Among these groups is Sarah Saintsbury and her Forever Homes Rescue, which community representatives have repeatedly invited to “extract” large numbers of dogs to be taken South to enjoy new and easier lives. Several times a year since 2010, Forever Homes volunteers make the long trek up to Eeyou Itschee, a grueling trip in any season and even worse in winter, when they have to drive through snow storms and over icy, rutted roads in a caravan of trucks filled with empty crates that will soon transport dozens of lucky dogs to safety.

Forever Homes, the source of the Frontier Animal Society’s Northern dogs, adheres strictly to the protocols mandated by the local community Band Council. These protocols include letters of permission, advance notice to community members by way of radio, local newspaper and public posts throughout the community weeks prior to arrival, escort by Public Security Officers at all time throughout the extraction period and owner surrender forms for those giving up their animals to rescue. Any dog picked up in error is neutered and vaccinated, and then returned to its owner.

As soon as the truckloads of crated dogs reach home, the Frontier Animal Society and other rescues open their doors and hearts to the Northern dogs. Many are timid and fearful in their strange new world, but it takes very little time for them to respond to the comfort of their spacious stalls and exercise runs and – most remarkable of all – reliable supplies of nourishing food and water. Before long they are eagerly welcoming the volunteers who evaluate, groom, train and socialize them into the eager-to-please and loving dogs whose adoptive families almost universally rave about their great good natures and adaptability. As FAS volunteer Caroline Kemp observes, “Despite being born into such harsh conditions, these dogs just want what every dog wants: love and companionship.”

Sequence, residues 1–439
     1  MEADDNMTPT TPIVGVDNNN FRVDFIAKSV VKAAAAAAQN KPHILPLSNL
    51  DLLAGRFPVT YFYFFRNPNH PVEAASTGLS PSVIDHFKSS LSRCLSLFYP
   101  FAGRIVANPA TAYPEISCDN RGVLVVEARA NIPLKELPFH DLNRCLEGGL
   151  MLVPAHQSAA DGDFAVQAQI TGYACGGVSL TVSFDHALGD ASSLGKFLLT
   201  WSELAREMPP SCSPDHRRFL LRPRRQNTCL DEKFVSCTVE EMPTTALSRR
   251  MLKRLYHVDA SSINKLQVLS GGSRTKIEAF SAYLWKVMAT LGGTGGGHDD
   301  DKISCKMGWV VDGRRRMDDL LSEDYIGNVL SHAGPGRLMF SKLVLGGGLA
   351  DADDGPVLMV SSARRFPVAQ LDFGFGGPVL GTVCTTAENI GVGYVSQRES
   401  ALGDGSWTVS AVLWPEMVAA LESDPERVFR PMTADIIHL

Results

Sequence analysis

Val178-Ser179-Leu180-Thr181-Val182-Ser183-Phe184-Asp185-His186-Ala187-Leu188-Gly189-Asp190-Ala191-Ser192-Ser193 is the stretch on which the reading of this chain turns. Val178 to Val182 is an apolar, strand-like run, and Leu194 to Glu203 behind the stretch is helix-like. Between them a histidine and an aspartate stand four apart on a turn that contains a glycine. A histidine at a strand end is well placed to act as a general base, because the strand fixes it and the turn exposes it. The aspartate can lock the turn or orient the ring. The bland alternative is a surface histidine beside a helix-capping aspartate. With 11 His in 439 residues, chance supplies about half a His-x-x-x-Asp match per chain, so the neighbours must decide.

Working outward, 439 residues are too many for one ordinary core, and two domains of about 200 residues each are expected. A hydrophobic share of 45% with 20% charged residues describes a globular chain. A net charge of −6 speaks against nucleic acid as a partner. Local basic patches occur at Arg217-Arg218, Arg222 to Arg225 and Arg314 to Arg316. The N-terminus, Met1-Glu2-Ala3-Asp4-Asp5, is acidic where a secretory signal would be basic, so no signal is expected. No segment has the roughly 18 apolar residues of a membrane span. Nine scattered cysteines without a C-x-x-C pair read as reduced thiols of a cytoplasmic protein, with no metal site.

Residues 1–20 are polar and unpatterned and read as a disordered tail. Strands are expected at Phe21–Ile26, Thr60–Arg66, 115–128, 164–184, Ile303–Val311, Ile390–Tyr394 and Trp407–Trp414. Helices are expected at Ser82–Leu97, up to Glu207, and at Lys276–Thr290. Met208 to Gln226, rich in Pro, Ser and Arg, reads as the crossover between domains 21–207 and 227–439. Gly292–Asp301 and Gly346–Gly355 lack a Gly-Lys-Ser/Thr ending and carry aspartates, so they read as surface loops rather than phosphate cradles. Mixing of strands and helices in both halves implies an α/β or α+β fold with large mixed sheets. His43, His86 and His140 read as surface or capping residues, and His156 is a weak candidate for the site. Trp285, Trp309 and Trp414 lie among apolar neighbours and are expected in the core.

Meegan, a kindly Northern dog

To date the Frontier Animal Society has taken in nearly three dozen Northern dogs, including pregnant dams and their litters. One trusting nursing mother even led her rescuers to the hole in the ground where she had hidden her puppies, who then joined her on the road trip to safety.

Gentle Jenny, whom Kemp remembers as “an incredibly sweet German Shepherd Dog mix,” was rescued in the fall of 2014 and days later, gave birth to a litter of ten healthy puppies. Three weeks later, Jenny and her pups arrived at the FAS, her first real “home.” At first Jenny shied away from people, “but we could see how desperately she wanted to settle in and be loved,” Kemp says. “And though she was a wonderful and patient mother, Jenny was so tired! As soon as we could, we weaned her pups from her so she could take some well-deserved time for herself.”


Jenny, mother of ten healthy puppies

The pups were quickly adopted, some of them reserved for approved families even before they had been weaned and could leave the shelter. Finally Jenny, estimated to be between four to six years old, could recuperate from the travails of her past and of motherhood. She was also spayed, because the FAS promotes sterilization, “the best way to prevent overpopulation of cats and dogs,” as a key feature of its mission.